Roush Claims F-150 Nitemare Is 'World's Quickest Production Truck'

It goes 0-60 in 3.9 seconds, but there are some catches.

Roush is well-known in the Ford community both for racing, and for upgrading vehicles with Blue Oval badges. In February 2019 the Detroit-based tuner unveiled its latest muscle pickup truck called the Nitemare, built from a new F-150. Among other things, its 5.0-liter V8 gets a big supercharger to force-feed 650 horsepower (485 kilowatts) to the ground. With that kind of motivation, the Roush team headed to Milan Dragway west of Detroit for some acceleration runs, and the results were impressive. In fact, Roush now claims the title of world’s quickest pickup truck, but there are some notable caveats. More on that in a bit.

As you can see in the video above, Roush headed to the track with some Ford-friendly VIPs to mark the occasion. A few F-150 Nitemare models also made the trip, a couple of Super Crew four-door models and presumably a two-door Regular Cab truck. We say that because we never see the two-door on camera, but Roush says it’s model that hits 60 mph in 3.9 seconds. According to the company, that’s the fastest such time ever set by a pickup.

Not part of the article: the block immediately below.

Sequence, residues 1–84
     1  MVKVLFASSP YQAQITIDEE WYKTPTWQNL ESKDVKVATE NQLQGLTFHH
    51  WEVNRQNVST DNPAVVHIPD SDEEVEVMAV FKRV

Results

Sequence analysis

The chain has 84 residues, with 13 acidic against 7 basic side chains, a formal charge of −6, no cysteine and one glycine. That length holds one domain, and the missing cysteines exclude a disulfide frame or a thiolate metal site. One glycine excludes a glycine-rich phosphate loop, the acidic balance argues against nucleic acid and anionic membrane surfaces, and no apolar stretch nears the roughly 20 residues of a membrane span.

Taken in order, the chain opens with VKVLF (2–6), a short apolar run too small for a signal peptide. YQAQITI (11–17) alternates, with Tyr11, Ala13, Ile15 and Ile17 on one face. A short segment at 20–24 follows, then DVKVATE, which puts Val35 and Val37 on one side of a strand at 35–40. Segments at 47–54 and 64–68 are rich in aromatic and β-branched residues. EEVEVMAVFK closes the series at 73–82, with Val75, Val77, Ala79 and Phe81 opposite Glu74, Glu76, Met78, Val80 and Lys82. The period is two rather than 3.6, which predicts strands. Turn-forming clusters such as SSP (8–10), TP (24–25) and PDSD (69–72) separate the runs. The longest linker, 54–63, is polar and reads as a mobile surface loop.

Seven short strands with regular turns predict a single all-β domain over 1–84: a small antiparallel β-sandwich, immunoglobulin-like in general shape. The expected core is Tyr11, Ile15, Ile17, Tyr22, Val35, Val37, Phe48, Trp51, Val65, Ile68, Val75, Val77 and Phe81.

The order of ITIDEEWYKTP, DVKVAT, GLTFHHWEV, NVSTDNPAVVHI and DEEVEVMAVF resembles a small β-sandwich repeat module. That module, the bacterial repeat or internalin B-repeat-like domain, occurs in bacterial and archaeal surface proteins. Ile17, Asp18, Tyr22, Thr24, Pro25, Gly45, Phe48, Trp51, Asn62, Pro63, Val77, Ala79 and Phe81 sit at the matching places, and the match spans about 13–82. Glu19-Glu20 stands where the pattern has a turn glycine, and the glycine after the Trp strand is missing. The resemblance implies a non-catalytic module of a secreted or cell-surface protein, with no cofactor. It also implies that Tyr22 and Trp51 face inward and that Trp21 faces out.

Roush F-150 Nitemare
Roush F-150 Nitemare
Roush F-150 Nitemare

The trucks were just as you’d find them at a dealership, right down to the street-friendly Continental tires, and VBOX data equipment recorded the times. Aside from the two-door breaching the four-second barrier, the larger Super Crew was just a touch slower at 4.1 seconds. It’s all terrifically impressive, however, we’re forced to point out a few notable catches. Roush claims the title of quickest production truck, but the Regular Cab Nitemare wasn’t actually a production model. In its press release, Roush says the time was set by “an engineering test truck equivalent to a production Nitemare 4×4 Regular Cab.” That time was also set at a drag strip, and though the trucks were running on normal street tires, the track surface was prepped for a sticky launch. To be fair, many such times are established in similar conditions.

Lastly, the press release clarifies the claim is based on current vehicle test data from leading auto magazines. Nothing wrong there, but as far as we can tell, none have tested the Hennessey HPE750 Ford F-150. For that matter, we don’t see any data from Hennessey either, but with 757 hp (564 kW) from its own supercharged 5.0-liter, we suspect it would at least be side-by-side with the Roush, if not in front. Hennessey also gives the truck a fat warranty, so in our minds, it would qualify as a production truck.

Still, 3.9 seconds and 4.1 seconds for a full-size pickup is nothing to sneeze at. We are most definitely living in a horsepower golden age.

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